Who did ancient Slavs pray to before Christianity came to Rus’?

 The Temple of a Slavic god. Painting in oil by V.Ivanov

The Temple of a Slavic god. Painting in oil by V.Ivanov

Legion Media
Vladimir the Great baptized his people in 988, converting the country to Orthodox Christianity. Before that, the Slavs worshipped Svarog, Perun, and other ancient gods for centuries - each of which had different powers and was linked to the elements.

When Vladimir the Great, who reigned Kievan Rus’ from 980 – 1015, sent his warriors and Orthodox priests to baptize Novgorod, they took down the wooden idol of Perun - one of the most important gods in Slavic paganism. They dragged the idol through the streets, beating it with sticks before throwing it into the Volkhov River.

The Christians were peddling a symbolic message: “The Orthodox God has won.” His pagan rivals, weak and disgraced, had to go. People were weeping and crying as they saw Perun being beaten. Perun, Svarog, Mokosh, and other gods had been an integral part of their mystical conscience through the ages. So who were the main gods the Slavs worshipped?

Svarog, the father of all

Svarog. Painting in oil by V. Korolkov (1958-2006).

Every pagan pantheon has its demiurge, the god who created the world. The ancient Slavs had Svarog, the deity of the sky who was believed to reign over the universe and give birth to all younger gods.

According to the “New Larousse Encyclopedia of Mythology,”the root of Svarog’s name (svar – bright, clear) related to the Sanskrit language. Svarog was usually depicted as a white-bearded old man, wise and strong. For Slavic peasants the sky could bring both blessings and disaster - so it’s no surprise the god of the azure ruled the world.

Dazhbog, the warming sun

Dazhbog's picture.

The Slavs lived in an incredibly harsh climate. For this reason they adored Dazhbog, the merciful deity of the Sun who was believed to be Svarog’s offspring.

His name literally meant “the god who gives.” Dazhbog crossed the sky on a chariot pulled by four white horses with golden wings and produced sunlight with a “fire shield.” He was responsible for the land’s fertility, while people proudly called themselves “Dazhbog’s grandchildren.”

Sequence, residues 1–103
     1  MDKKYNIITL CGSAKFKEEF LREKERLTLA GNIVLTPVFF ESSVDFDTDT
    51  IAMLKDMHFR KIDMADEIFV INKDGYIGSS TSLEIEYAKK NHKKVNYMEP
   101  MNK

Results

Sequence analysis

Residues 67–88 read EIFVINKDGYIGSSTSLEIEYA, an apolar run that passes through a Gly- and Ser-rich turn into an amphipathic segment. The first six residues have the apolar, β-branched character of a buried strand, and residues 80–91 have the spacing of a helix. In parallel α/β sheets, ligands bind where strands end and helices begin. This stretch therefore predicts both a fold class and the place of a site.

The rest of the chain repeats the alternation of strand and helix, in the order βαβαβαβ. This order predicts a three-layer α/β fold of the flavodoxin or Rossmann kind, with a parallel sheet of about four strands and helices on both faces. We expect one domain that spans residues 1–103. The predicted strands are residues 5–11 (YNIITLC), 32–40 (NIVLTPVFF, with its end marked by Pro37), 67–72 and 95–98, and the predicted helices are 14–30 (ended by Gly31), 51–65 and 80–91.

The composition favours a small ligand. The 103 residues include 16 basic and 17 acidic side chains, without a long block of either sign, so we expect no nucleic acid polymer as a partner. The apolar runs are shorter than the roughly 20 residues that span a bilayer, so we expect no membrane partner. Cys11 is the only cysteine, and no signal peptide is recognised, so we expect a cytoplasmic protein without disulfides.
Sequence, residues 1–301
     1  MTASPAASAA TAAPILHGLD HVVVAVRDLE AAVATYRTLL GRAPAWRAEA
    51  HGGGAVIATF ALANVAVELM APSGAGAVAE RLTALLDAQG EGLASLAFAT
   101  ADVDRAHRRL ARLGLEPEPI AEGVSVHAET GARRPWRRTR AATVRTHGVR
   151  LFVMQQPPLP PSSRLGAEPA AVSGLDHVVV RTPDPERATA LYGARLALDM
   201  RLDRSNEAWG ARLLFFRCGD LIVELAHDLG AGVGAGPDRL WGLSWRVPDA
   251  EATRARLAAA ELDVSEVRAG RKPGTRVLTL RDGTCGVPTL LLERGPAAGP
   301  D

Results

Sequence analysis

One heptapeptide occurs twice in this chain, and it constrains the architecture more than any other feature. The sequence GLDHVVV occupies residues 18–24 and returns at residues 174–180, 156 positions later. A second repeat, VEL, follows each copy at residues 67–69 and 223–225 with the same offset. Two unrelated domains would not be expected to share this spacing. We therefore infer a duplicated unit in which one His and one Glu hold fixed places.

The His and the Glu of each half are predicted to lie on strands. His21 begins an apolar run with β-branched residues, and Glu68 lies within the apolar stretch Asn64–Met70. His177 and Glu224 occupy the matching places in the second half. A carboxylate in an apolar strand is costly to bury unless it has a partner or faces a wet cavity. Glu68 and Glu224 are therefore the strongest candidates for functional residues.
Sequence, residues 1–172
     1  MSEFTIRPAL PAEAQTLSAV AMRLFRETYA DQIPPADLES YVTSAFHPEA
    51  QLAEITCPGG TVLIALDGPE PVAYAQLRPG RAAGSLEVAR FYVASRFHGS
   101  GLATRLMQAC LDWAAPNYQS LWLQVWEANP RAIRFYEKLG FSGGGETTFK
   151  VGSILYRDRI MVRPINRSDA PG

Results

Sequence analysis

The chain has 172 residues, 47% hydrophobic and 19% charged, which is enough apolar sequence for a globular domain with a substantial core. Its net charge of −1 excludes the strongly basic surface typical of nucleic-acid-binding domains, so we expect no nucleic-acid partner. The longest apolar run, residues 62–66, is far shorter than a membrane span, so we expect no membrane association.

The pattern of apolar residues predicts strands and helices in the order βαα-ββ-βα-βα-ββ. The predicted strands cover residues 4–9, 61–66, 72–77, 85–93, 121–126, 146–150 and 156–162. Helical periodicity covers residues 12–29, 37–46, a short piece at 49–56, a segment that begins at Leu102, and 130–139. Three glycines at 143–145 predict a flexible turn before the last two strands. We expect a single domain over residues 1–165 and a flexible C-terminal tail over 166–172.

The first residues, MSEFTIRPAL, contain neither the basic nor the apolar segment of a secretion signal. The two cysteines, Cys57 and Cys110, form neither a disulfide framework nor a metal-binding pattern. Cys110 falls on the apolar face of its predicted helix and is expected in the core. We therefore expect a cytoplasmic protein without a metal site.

Perun, the war and thunder  

The fight of Perun against Winter Demon, painting by V.Korolkov (1958 - 2006).

Perhaps the best known of all Slavic gods today, Perun the Thunderer was something close to Greek Zeus and Scandinavian Thor: The deity of storm and war who used lightning as a weapon. People feared Perun’s anger but at the same time admired him and called for his help in times of war.

Depicted as an extremely strong man with a long beard, he was also deeply associated with power. Perun was the supreme god who scared the living daylights out of Slavic princes and their druzhina (closest and most noble warriors).

Veles, ‘the god of cattle’ 

Unlike the above-mentioned gods with their links to the sky, Veles was literally down-to-earth as he controlled the water, forests, soil, and underworld. His image was scruffy: Wooly, hairy, long-bearded - he looked pretty feral and is compared to Greek Pan.

Nevertheless, the Slavs were fond of Veles who was thought to protect cattle and care for animals and plants. If Perun was a god who supported aristocracy, Veles was associated with ordinary people, hunters, and peasants. Perun and Veles often clashed, thus causing the changing of the seasons.

Chernobog, the Slavic ‘devil’


Battles between Perun and Veles were common: These gods, though different, were both part of the eternal order. Unlike them, Chernobog (literally “the Black God”) represented absolute evil in Slavic mythology.

As the ruler of Nav(the Slavic world of the dead), he was behind everything bad, weak, and vile in human nature and he bestowed natural disaster upon the mortal world. He was therefore closer to the Devil in Abrahamic religions than to an ordinary pagan god.

This is quite unusual - maybe for this reason Chernobog often appears in contemporary mass culture, namely in many computer games and in “American Gods” (both Neil Gaiman’s novel and its television adaptation).

Mokosh, the great mother goddess

The brutal, patriarchal Slavic pantheon didn’t include many females but Mokosh was one, and was very influential. She controlled the soil and the harvest, while at the same time able to grant people love, prosperity, and wealth. She also punished evildoers. Mokosh was the protector of women and children as well - a role important in every culture, including Slavic.  

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